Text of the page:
Offensive cyber operations for NATO also present real interoperability challenges. The role of intelligence in cyber operations is likely to complicate NATO planning processes. Even close allies are likely to be wary about sharing sensitive intelligence for a number of reasons. For instance, they may be averse to sharing information gleaned from signals intelligence collection or because a member state may be using the same exploits for both offensive action and their own espionage—including intelligence collection against allies. Or, allies may simply be worried that sensitive information may become exposed. On top of this, it’s challenging to adjudicate intelligence requirements among allies and to deconflict intelligence and military priorities. It is also not clear whether the alliance has established consensus thresholds that specify the conditions and timeline under which a state would have to notify others of its activities on their networks—if at all.

The alliance should account for, and address, these issues as NATO explores the prospect of incorporating offensive cyber operations below the level of armed conflict into existing NATO simulations and exercises that span the strategic, operational, and tactical levels. A number of important questions about how to coordinate offensive cyber operations and define roles and responsibilities remain unanswered. For instance, how could allies improve intelligence sharing to conduct more rapid attribution, enabling one state or the alliance to respond to adversary cyber activity? What are the conditions under which allies should consider dividing responsibilities for cyber campaign planning and developing accesses and capabilities against strategic targets in, for example, Russia? If some allies are responsible for offensive cyber operations against certain targets, what are the information-sharing and notification requirements?

Finally, there is an obvious risk that moving toward a more offensive posture in cyberspace will increase the likelihood of escalation. While these concerns should not be ignored, academic research has found little support for the argument that cyber operations cause escalation. That said, the alliance should consider how to strengthen existing confidence-building measures, particularly with Russia, to enable more effective communication and transparency about cyber operations. The expert consultations between Russia and the United States that both governments agreed to in June 2021, for example, or recent diplomatic dialogue between Russia and NATO members over the Ukraine crisis, are important to strengthen processes for crisis management and reduce the risk of instability—including that which may stem from cyber operations.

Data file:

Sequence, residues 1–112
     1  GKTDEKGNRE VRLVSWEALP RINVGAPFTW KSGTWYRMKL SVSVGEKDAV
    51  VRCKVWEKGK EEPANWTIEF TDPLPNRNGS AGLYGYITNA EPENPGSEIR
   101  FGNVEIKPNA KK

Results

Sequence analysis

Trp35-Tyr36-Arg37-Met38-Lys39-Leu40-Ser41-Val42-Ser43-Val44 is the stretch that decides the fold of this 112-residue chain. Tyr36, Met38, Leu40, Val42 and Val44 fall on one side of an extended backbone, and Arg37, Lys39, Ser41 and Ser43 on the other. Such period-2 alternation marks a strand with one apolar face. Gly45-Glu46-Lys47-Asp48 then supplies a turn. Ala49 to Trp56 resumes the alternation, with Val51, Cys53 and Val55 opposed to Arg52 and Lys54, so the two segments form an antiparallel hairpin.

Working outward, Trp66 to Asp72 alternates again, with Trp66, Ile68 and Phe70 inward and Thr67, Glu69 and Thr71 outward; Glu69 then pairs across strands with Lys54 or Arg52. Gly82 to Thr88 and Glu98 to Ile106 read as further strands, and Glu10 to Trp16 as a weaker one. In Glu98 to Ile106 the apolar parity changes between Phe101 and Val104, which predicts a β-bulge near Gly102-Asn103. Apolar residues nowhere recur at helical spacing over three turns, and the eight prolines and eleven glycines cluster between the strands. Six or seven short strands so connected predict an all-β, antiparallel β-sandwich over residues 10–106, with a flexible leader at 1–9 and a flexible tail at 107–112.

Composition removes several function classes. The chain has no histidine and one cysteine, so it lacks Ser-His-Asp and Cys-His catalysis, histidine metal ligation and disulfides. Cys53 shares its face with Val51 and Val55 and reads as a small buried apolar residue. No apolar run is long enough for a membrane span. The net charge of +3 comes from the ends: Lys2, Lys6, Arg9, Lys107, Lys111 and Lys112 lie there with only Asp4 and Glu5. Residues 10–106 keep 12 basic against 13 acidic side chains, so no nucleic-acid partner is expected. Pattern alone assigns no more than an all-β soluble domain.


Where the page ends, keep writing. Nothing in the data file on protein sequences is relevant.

NATO has slowly begun to address the use of offensive cyber operations, and has generally limited itself to the use of these tools in traditional military campaigns. The ongoing crisis with Russia on Ukraine’s border is exposing the risk in this approach. NATO needs to figure out a way forward fast.

Dr. Erica Lonergan (née Borghard) is an assistant professor in the Army Cyber Institute at West Point. She is also a research scholar at the Saltzman Institute of War and Peace Studies at Columbia University. Erica previously served as a senior director on the Cyberspace Solarium Commission. Retired Rear Admiral Mark Montgomery, US Navy, is the senior director of the Center on Cyber and Technology Innovation at the Foundation for Defense of Democracies. Mark previously served as the executive director of the Cyberspace Solarium Commission. Follow Mark on Twitter @MarkCMontgomery. FDD is a Washington, D.C.-based, nonpartisan research institute focusing on national security and foreign policy.

The views expressed are those of the authors and do not reflect the official position of the Army Cyber Institute, United States Military Academy, Department of the Army, or Department of Defense.

Courtesy: (FDD)